On the CORPO front, we float a flurry of wild ideas to trip up corporate America, catch it flat-footed . . . and strike a beautiful new people-first power balance!
One of the first things to do is pick out the most heinous corporate criminal in the world. Vote below for which of the “dirty dozen” you think we should wipe out first!
A corporation has no heart, no soul, no morals. It cannot feel pain. You cannot argue with it. That’s because a corporation is not a living thing but a process — an efficient way of generating revenue. It takes energy from the outside (capital, labor, raw materials) and transforms it in various ways. In order to continue “living” it need meet only one condition: its income must equal its expenditures over the long term. As long as that happens it can exist indefinitely.
When a corporation hurts people or damages the environment, it will feel no sorrow or remorse because it is intrinsically unable to do so. (It may sometimes apologize, but that’s not remorse — that’s public relations.) Buddhist scholar David Loy put it this way: “A corporation cannot laugh or cry; it cannot enjoy the world or suffer with it. Most of all a corporation cannot love.” That’s because corporations are legal fictions. Their “bodies” are just judicial constructs, and that is why they are so dangerous.
We demonize corporations for their unwavering pursuit of growth, power and wealth. Yet let’s face it: they’re simply carrying out genetic orders. It’s exactly what they were designed — by us — to do! That’s why trying to rehabilitate a corporation, to urge it to behave more responsibly, is pointless. The only way to change the behavior of a corporation is to recode it, rewrite its charter, change its DNA.
I’m old enough to remember when the first supermarket came to my neighborhood in Adelaide, Australia, and ran the local butcher out of business. Weeks later I saw him walking into that store. He was working there now, in the meat department. On one level he was probably glad to have a job. But the new terms were written on his face. He looked so sad. The before-and-after moment in this man’s life mirrored the before-and-after moment in my neighborhood, and in the wider world.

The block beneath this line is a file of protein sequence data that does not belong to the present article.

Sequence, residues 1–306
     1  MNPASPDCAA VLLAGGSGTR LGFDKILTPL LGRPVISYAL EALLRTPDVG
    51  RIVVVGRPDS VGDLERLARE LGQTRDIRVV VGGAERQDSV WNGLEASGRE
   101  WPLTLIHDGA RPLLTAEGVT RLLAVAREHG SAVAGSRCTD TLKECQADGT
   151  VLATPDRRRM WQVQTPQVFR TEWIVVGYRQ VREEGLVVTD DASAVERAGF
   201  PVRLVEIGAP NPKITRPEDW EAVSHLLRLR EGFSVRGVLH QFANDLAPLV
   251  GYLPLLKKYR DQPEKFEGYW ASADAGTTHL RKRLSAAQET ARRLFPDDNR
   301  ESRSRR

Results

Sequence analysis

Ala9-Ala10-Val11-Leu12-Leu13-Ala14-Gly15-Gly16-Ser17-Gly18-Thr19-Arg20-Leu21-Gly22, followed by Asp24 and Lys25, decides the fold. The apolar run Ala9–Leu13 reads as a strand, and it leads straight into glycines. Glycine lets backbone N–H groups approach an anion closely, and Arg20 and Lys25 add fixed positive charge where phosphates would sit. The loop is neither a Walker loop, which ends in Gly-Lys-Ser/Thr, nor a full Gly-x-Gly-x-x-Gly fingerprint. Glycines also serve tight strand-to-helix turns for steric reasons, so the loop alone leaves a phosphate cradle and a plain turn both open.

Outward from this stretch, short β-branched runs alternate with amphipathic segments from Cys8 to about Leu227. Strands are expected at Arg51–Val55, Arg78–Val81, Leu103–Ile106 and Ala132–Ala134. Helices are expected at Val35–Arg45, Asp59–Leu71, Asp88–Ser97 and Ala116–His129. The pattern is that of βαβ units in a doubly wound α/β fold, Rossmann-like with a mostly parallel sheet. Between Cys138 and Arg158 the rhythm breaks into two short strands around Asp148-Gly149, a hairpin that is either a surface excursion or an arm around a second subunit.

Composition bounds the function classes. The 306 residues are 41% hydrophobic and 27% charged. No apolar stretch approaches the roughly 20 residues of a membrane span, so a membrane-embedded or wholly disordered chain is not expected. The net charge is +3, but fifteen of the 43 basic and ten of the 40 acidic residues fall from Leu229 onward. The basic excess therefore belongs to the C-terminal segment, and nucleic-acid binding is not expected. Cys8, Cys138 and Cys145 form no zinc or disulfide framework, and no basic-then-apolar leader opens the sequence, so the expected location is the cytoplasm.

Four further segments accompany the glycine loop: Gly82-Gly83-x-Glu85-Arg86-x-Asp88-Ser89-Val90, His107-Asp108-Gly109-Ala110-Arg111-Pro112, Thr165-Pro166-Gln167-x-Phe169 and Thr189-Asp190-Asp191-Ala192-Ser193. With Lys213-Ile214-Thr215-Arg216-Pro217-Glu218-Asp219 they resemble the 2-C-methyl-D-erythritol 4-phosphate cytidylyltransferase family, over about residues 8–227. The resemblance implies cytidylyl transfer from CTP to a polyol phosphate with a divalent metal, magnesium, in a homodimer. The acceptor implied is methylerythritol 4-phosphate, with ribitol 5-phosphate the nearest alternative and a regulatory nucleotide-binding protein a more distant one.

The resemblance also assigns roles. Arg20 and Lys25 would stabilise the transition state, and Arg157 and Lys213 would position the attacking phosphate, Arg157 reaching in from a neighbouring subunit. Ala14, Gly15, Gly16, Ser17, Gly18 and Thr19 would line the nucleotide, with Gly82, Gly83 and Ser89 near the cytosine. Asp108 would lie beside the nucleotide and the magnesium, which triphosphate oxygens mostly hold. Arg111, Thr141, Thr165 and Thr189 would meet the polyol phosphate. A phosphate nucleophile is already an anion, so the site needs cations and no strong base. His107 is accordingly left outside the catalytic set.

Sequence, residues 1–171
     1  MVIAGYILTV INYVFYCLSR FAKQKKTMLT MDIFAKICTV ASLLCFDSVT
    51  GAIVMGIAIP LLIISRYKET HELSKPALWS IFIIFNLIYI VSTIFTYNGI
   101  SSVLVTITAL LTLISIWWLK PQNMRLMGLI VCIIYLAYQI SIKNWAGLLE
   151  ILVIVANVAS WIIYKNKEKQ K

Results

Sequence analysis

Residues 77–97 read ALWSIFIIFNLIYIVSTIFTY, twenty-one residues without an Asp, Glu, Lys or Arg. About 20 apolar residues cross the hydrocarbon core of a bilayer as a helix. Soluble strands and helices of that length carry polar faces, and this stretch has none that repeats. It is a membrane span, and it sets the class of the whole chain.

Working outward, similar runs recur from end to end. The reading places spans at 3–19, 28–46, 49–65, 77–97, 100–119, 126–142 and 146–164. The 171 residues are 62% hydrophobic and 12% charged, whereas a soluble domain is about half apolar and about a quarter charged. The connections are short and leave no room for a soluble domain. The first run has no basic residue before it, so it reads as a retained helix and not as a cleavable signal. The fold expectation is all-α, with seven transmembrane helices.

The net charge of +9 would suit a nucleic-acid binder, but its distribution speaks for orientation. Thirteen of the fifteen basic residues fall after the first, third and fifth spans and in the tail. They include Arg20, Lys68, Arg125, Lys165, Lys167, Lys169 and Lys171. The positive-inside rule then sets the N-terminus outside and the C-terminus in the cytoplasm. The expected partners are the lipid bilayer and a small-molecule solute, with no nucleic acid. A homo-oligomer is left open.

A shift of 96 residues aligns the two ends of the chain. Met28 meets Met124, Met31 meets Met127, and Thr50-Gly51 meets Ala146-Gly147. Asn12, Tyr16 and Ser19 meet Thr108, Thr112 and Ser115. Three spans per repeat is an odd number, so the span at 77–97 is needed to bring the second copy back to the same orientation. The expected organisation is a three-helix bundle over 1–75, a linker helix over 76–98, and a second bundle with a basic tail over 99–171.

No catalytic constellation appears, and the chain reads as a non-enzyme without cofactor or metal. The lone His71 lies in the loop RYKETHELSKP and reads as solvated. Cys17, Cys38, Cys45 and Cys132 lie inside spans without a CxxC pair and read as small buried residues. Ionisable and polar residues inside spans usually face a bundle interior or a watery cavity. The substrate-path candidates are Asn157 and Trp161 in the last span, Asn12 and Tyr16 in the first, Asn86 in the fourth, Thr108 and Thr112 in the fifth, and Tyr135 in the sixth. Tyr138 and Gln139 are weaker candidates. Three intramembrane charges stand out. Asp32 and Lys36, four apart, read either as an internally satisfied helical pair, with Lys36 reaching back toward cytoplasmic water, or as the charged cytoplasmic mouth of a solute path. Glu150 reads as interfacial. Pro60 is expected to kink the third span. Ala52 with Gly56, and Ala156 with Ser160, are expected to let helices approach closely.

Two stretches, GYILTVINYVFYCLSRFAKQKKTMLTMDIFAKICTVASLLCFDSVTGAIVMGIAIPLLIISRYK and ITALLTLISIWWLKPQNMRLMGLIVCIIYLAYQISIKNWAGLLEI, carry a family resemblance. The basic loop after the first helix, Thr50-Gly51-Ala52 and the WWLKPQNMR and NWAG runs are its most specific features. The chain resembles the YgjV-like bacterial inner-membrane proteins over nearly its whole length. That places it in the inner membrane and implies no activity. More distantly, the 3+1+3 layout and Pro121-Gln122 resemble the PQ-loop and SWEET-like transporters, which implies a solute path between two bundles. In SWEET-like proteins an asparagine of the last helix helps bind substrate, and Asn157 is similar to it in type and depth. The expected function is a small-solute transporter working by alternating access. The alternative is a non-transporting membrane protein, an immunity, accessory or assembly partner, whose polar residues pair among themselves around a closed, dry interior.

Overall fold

It’s obvious now that we made a grave system error. We sold the farm in the name of efficiency and “progress.” We siphoned off the social glue of our neighborhoods.
We sold off all our little stores, our lifeblood, our sense of community, in exchange for cheap prices.
What a trade-off.
To this day, economists have yet to calculate the
social and psychological costs of a Walmart coming to
town, of Alphabet owning Internet searches, of Meta commanding people-to-people communication and Amazon monopolizing online commerce.
So let’s undo this catastrophic blunder. In addition to The 25% Rule, let’s also impose A Size Tax on corporations — a progressive levy they must pay once they grow beyond a valuation that We the People decide is the max.
With this one, simple stroke capitalism will be upended. Small will be beautiful again. Neighborhood bakers, grocers, and hardware stores will spring back to life. Cities will churn with new energy. The internet will be a more diverse and
fun place to go to.
But classical economists and business leaders will be horrified.
They will denounce the Size Tax as a crazy, bass- ackwards idea not even worth considering. So is turning in the direction of a skid — but it works.
Today Google controls 90% of Internet searches. Amazon commands more than half of online purchases. Five corporations handle a quarter of the world’s oil. Seven grain traders supply half the world’s food. Most industries are more clotted today than in the time of the robber barons. Airlines, telecom, banking, pharma, hospitals, agribusiness, waste management: a handful of big players dominate them all.
How can we live dignified, independent lives knowing that the food we eat, the coffee we drink, the medicines we take, the news we consume and the internet we spend so much time on, are each controlled by a handful of mega-corporations?
We’re caught in a maddening, demeaning, insufferable situation, unworthy of freedom-loving people.
Bust them up!